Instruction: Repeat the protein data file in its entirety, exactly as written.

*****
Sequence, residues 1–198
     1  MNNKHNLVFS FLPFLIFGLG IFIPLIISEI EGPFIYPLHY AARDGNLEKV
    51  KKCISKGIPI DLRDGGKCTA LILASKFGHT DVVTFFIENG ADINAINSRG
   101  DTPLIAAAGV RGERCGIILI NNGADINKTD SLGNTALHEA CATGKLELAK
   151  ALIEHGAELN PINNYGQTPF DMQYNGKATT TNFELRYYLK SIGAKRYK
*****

Sequence, residues 1–198
     1  MNNKHNLVFS FLPFLIFGLG IFIPLIISEI EGPFIYPLHY AARDGNLEKV
    51  KKCISKGIPI DLRDGGKCTA LILASKFGHT DVVTFFIENG ADINAINSRG
   101  DTPLIAAAGV RGERCGIILI NNGADINKTD SLGNTALHEA CATGKLELAK
   151  ALIEHGAELN PINNYGQTPF DMQYNGKATT TNFELRYYLK SIGAKRYK